From upwind the adventures that started out in training took me downwind going faster and faster on my 14ft Bark Dominator, fast, and pacing hard and then upwind to downwind for around 12 mile sessions.
My first tiger shark was a juvenile sitting on a coral head, the midday sun hid at first and then from my vantage point on the board I spotted its tail hanging over and it came straight to me, my position on a downwind run it came to me aggressively head on with pectoral and dorsal fins erect in attack mode and then as it passed the board seemed to relax and then headed away in an arc not to come back.
Likely it was to seek shelter again, Tiger sharks favor ambush and in its defensive run at me as if to see if I was a threat to it, identifying me and the board as neither and not reacting in any way as a species it was familiar with it returned to its normality, no doubt me becoming as significant as a floating oil drum.
That experience was the trigger and the confidence builder for me, for my girlfriend and for fellow paddlers who came out to experience the water. Rays, sting rays and spotted eagle rays glided around, turtles came in and around the nose of our boards like dolphins to boats and we continued to look for sharks. For the most part we found them and they found us.
Nurse Sharks cruised up and down, a big one on the shoreline jetted under my girlfriend’s board and to me broadside at full speed, enough for me to put my paddle in last minute to deflect the creature in case it was confused. And it went on its way.
Towards the West Point where the wind and reef ends and then the wind blows the opposite direction at the point is a collection of tidal pools at low tide where we found nurse sharks resting in deep pools as we skated over shallow sections deep enough for the fins.
The areas surrounded by urchins and conch shells would make too shallow for snorkeling, swimming or wading and it seemed to us with the quietness and grace of paddle boarding our sport the only craft able to take advantage to see the nature.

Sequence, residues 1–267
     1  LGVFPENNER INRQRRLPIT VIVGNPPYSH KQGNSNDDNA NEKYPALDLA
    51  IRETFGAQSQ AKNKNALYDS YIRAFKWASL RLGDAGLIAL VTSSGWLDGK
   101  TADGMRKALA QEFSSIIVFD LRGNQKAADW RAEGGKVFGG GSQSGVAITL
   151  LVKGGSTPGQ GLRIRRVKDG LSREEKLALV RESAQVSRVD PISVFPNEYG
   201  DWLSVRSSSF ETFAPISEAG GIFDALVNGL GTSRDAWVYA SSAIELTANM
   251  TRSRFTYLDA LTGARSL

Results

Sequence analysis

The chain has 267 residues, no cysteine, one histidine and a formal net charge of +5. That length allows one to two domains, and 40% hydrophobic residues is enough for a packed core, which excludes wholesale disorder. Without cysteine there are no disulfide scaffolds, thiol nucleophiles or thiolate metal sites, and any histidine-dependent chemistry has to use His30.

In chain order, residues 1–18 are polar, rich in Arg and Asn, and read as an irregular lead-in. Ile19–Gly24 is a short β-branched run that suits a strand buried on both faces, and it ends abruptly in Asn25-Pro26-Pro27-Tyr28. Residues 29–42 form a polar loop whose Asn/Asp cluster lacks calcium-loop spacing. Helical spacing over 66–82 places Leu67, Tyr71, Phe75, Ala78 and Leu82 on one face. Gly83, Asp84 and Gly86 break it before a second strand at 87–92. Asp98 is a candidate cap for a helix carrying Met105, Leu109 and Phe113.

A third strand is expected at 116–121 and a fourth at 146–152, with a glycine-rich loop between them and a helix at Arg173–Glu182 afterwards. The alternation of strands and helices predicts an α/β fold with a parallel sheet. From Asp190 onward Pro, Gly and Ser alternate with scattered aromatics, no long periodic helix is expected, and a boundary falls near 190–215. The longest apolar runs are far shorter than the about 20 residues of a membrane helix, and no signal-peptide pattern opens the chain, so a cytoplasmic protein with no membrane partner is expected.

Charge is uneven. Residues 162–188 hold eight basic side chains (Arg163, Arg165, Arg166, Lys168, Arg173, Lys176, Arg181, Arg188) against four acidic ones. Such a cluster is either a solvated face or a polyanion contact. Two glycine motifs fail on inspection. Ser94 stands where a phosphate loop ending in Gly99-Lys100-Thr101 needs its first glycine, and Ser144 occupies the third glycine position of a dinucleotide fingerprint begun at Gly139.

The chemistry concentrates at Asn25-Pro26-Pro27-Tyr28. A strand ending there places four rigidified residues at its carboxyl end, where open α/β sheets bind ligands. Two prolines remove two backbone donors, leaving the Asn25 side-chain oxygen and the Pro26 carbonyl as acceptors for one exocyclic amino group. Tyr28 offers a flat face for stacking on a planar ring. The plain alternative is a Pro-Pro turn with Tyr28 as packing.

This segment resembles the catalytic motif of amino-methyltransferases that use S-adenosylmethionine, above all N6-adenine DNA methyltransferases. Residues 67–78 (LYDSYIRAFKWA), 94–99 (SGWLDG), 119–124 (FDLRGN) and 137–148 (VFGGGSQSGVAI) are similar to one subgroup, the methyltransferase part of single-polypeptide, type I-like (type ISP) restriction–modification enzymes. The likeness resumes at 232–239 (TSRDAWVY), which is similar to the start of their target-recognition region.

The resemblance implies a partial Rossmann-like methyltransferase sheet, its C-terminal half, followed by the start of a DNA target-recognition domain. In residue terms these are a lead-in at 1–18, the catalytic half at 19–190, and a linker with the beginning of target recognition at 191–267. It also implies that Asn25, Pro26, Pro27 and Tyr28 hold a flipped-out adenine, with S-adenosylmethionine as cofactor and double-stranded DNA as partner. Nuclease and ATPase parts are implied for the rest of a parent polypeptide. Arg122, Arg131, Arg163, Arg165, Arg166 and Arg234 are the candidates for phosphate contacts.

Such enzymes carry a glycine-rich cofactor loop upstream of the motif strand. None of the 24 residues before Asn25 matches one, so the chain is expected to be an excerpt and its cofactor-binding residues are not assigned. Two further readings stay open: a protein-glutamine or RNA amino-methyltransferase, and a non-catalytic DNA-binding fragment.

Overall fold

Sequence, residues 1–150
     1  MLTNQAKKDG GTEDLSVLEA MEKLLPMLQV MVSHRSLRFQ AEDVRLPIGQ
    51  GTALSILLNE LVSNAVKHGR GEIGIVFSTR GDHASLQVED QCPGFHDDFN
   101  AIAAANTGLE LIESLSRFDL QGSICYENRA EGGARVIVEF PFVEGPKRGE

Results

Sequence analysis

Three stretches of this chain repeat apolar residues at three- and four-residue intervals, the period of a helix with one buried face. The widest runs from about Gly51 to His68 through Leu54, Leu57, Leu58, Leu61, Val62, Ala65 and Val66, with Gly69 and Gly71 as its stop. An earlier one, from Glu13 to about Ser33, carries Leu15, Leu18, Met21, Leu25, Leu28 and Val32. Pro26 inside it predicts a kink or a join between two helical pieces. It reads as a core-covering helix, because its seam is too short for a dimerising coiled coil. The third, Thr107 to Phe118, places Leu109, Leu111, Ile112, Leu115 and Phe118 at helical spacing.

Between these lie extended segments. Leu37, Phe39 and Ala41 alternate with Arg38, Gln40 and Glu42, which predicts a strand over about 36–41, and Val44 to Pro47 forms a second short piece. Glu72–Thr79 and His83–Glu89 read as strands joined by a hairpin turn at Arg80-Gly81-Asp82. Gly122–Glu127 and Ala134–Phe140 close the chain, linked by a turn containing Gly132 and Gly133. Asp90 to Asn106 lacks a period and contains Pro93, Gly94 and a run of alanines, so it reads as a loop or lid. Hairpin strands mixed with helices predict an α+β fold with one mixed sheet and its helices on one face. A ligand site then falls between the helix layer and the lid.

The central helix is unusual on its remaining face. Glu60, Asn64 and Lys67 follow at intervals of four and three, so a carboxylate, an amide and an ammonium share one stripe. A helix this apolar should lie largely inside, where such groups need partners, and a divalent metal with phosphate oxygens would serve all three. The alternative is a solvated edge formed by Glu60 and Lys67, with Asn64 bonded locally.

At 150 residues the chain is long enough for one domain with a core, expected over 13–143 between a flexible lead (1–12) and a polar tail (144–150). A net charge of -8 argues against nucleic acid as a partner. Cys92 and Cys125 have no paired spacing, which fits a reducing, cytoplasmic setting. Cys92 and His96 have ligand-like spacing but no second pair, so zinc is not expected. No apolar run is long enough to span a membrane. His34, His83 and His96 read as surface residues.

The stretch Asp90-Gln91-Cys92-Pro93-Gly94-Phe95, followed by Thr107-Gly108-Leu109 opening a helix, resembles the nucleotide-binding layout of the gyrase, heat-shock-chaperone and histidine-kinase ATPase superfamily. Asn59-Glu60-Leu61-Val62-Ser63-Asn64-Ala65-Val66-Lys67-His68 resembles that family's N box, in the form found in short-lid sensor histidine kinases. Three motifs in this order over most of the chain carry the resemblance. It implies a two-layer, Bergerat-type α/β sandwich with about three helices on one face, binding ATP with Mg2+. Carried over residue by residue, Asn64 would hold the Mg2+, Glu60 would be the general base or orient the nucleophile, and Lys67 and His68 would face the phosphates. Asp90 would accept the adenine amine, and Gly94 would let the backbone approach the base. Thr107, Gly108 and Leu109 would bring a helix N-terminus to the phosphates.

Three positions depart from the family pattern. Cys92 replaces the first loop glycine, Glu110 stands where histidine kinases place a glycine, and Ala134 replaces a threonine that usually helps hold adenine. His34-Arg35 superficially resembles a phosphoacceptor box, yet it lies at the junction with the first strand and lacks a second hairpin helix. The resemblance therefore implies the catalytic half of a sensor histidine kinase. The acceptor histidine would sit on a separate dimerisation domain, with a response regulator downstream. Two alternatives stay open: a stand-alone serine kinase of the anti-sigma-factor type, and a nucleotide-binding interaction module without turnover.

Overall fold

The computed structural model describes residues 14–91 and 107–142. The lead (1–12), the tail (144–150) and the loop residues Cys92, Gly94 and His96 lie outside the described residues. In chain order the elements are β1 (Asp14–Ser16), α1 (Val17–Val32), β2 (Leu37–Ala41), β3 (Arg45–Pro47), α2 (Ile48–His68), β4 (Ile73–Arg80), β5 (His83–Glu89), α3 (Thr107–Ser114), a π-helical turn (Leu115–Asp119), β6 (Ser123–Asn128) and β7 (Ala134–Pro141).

With confidence I paddled around and began to keep pace with the sharks cruising speeds, with a sense of them knowing I was there and having established myself as none threat we paddled together
As the reef opened again I found lemon sharks, nurse sharks and tigers basking in shallow’s, no doubt enjoying a quiet moment away from the ferocity outside the reefs. On several occasions the sharks repeated the tiger experience and with confidence I paddled around and began to keep pace with the sharks cruising speeds, with a sense of them knowing I was there and having established myself as none threat we paddled together, moving in the water at the same speed till the shark then went to its next natural attention.
Paddling is one of the most amazing journeys in the water. The experiences I had and shared with those closest to me I could not have done with any other sport; such is the gift of paddle boarding. The aquatic memories I could not have planned or even paid to set up to be at such one and confidence with the Atlantic Ocean and a species that most of us fear inherently. When you next stand up paddle on the Ocean, consider yourself as part of the marine life, and hope, know that when you see marine life or are aware that marine life is with you, for our part as part of the SUP community we are species within.
Owen Waters is a professional writer and waterman. In his journey on the water, he has traveled to many worlds and currently lives with his wife in Northern Ireland enjoying the Atlantic in its wildest form.